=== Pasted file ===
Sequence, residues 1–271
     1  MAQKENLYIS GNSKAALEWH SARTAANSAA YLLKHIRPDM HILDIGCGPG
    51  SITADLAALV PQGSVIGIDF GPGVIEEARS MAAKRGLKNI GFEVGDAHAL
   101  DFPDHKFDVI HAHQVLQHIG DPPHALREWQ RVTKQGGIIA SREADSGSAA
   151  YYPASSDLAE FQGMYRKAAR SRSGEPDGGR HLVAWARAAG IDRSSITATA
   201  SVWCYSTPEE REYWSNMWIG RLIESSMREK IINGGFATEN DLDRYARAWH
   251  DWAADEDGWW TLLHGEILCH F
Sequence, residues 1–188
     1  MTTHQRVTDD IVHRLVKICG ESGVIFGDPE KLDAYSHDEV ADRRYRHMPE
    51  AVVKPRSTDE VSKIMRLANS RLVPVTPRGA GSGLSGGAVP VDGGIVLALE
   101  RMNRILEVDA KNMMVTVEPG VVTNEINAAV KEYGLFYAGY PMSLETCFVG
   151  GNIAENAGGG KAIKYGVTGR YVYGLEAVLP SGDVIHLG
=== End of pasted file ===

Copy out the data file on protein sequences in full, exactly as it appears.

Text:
Sequence, residues 1–271
     1  MAQKENLYIS GNSKAALEWH SARTAANSAA YLLKHIRPDM HILDIGCGPG
    51  SITADLAALV PQGSVIGIDF GPGVIEEARS MAAKRGLKNI GFEVGDAHAL
   101  DFPDHKFDVI HAHQVLQHIG DPPHALREWQ RVTKQGGIIA SREADSGSAA
   151  YYPASSDLAE FQGMYRKAAR SRSGEPDGGR HLVAWARAAG IDRSSITATA
   201  SVWCYSTPEE REYWSNMWIG RLIESSMREK IINGGFATEN DLDRYARAWH
   251  DWAADEDGWW TLLHGEILCH F
Sequence, residues 1–188
     1  MTTHQRVTDD IVHRLVKICG ESGVIFGDPE KLDAYSHDEV ADRRYRHMPE
    51  AVVKPRSTDE VSKIMRLANS RLVPVTPRGA GSGLSGGAVP VDGGIVLALE
   101  RMNRILEVDA KNMMVTVEPG VVTNEINAAV KEYGLFYAGY PMSLETCFVG
   151  GNIAENAGGG KAIKYGVTGR YVYGLEAVLP SGDVIHLG